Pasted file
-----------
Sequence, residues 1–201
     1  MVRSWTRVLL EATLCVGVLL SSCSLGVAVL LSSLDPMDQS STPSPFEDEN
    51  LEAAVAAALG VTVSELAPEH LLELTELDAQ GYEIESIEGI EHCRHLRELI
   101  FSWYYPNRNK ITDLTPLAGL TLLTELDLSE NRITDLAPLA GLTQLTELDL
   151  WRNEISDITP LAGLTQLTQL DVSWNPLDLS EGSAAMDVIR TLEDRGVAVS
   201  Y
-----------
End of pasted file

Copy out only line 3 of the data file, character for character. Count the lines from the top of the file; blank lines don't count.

    51  LEAAVAAALG VTVSELAPEH LLELTELDAQ GYEIESIEGI EHCRHLRELI